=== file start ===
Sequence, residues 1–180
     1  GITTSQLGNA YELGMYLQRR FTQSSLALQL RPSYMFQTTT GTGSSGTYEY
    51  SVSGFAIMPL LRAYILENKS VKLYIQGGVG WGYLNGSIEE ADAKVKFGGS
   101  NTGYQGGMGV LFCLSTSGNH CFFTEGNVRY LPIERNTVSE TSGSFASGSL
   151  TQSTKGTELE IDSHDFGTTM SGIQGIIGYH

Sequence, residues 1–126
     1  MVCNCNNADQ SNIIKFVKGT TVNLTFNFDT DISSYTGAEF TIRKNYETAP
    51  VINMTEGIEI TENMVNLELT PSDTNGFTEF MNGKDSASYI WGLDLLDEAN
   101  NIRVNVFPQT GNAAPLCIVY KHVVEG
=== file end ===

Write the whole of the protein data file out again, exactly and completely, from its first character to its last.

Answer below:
Sequence, residues 1–180
     1  GITTSQLGNA YELGMYLQRR FTQSSLALQL RPSYMFQTTT GTGSSGTYEY
    51  SVSGFAIMPL LRAYILENKS VKLYIQGGVG WGYLNGSIEE ADAKVKFGGS
   101  NTGYQGGMGV LFCLSTSGNH CFFTEGNVRY LPIERNTVSE TSGSFASGSL
   151  TQSTKGTELE IDSHDFGTTM SGIQGIIGYH

Sequence, residues 1–126
     1  MVCNCNNADQ SNIIKFVKGT TVNLTFNFDT DISSYTGAEF TIRKNYETAP
    51  VINMTEGIEI TENMVNLELT PSDTNGFTEF MNGKDSASYI WGLDLLDEAN
   101  NIRVNVFPQT GNAAPLCIVY KHVVEG